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1 album gesorteerd op Best verkocht en gefilterd op Klassiek, Diapason d'or, David Junghoon Kim, 24 bits / 44.1 kHz - Stereo en € 20,00 tot € 50,00
HI-RES€ 31,99
CD€ 27,99

Opera - Verschenen op 22 maart 2019 | Opera Rara

Hi-Res Booklet Onderscheidingen Diapason d'or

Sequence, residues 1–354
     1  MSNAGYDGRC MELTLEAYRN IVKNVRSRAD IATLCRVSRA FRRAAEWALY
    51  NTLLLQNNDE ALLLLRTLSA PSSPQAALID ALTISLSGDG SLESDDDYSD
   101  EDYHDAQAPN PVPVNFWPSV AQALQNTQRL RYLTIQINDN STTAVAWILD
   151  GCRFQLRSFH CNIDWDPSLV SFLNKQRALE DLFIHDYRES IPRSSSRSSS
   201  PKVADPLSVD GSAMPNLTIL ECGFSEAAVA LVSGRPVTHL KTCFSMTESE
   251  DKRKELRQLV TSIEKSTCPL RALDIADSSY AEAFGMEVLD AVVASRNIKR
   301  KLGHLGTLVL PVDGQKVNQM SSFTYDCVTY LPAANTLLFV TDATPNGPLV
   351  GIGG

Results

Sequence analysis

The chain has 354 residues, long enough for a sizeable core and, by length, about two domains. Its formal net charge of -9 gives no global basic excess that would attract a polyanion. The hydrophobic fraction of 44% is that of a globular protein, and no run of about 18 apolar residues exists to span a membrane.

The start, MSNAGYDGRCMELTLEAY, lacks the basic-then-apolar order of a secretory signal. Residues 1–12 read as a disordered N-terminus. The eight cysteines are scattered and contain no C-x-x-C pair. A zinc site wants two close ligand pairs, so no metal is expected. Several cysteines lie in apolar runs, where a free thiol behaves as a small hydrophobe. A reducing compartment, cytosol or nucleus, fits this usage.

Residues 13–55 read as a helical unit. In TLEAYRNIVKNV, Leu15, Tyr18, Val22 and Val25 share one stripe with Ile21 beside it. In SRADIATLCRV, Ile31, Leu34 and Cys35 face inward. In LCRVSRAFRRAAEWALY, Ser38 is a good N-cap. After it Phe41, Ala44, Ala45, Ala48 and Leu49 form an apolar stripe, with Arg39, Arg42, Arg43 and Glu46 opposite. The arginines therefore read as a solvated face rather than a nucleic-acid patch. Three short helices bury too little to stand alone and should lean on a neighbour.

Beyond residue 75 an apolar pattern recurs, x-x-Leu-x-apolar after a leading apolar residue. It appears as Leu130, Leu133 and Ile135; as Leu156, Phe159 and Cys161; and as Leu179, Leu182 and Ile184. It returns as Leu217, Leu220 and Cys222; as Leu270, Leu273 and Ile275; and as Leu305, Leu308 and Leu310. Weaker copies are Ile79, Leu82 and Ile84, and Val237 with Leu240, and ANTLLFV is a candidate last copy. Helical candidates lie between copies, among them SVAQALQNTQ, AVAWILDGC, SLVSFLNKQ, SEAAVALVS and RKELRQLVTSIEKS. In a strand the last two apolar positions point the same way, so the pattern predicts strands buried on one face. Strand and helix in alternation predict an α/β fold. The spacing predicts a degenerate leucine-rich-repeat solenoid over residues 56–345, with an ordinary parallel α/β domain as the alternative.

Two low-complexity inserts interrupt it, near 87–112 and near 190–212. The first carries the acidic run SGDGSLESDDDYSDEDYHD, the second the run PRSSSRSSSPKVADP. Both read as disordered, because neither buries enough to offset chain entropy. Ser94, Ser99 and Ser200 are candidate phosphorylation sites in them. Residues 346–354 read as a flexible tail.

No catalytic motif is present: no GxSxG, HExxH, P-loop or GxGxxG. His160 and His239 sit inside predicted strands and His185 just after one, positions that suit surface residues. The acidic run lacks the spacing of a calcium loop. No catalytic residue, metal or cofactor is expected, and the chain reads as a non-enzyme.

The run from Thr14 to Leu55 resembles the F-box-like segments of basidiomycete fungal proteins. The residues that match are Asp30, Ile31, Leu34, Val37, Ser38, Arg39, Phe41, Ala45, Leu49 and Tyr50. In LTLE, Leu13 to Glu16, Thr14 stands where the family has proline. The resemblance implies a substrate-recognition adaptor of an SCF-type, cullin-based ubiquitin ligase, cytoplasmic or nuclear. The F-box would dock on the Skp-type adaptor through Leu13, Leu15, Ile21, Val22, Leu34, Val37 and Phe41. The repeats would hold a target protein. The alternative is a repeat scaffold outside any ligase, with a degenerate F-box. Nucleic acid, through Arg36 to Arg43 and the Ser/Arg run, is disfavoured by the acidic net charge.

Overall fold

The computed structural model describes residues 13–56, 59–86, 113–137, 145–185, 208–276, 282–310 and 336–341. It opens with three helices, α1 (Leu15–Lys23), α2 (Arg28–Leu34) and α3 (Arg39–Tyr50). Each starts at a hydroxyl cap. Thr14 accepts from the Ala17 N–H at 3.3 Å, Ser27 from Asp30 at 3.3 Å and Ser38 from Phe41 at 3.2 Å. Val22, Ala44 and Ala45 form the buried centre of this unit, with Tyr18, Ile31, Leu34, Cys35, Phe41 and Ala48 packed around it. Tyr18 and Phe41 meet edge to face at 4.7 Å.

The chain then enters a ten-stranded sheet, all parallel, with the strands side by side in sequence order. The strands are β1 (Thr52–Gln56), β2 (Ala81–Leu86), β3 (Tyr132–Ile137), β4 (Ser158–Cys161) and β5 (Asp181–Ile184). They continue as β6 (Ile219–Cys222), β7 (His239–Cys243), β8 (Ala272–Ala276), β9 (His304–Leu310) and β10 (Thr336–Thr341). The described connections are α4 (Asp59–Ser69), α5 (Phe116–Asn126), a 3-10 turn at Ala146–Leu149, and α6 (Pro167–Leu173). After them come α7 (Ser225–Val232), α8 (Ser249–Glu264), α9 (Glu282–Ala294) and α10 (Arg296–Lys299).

Gaetano Donizetti’s Ange de Nisida has had a strange history. It is never included in the composer’s list of operas for a very simple reason: Escaping Italian censorship, Gaetano Donizetti decided to have it performed in French in Paris (libretto by Alphonse Royer and Gustave Vaëz). Rehearsals began in 1840, but stopped when the company went bankrupt. Donizetti ended up using some of this work in La Favorite, similar to the way Rossini used Il Viaggio a Reims in Le Comte Ory.Sir Mark Elder’s record is therefore a world premiere. The maestro is surrounded by outstanding soloists in this recording made in July 2018 at Covent Garden in London. The concert was made in collaboration with the label Opera Rara, dedicated to opera premieres. The opera’s libretto had never been printed before. At the French National Library, the piece required major archival research using three different manuscripts for it to be to put together. Candida Mantica worked as an archeologist carefully exploring and comparing numerous versions including the composer’s own manuscript. The scenes that were discovered were not in the right order and often not fully orchestrated.Though it was written for France and in French, the opera is a 100% Italian in its style. It shines as a wonderful discovery, even if it never changes our idea of Donizetti. Now that the record is out, we are looking forward to its rendition on stage. The plot takes place in the 15th century on a desert island, the way opera lovers liked at that time. The king of Naples is keeping his mistress a prisoner when a young and fiery tenor falls in love with her. The story goes through many twists, featuring the pope, between comedy and tragedy before its tragic ending for poor Sylvia, who dies, creating one more female martyr in the history of opera. © François Hudry/Qobuz

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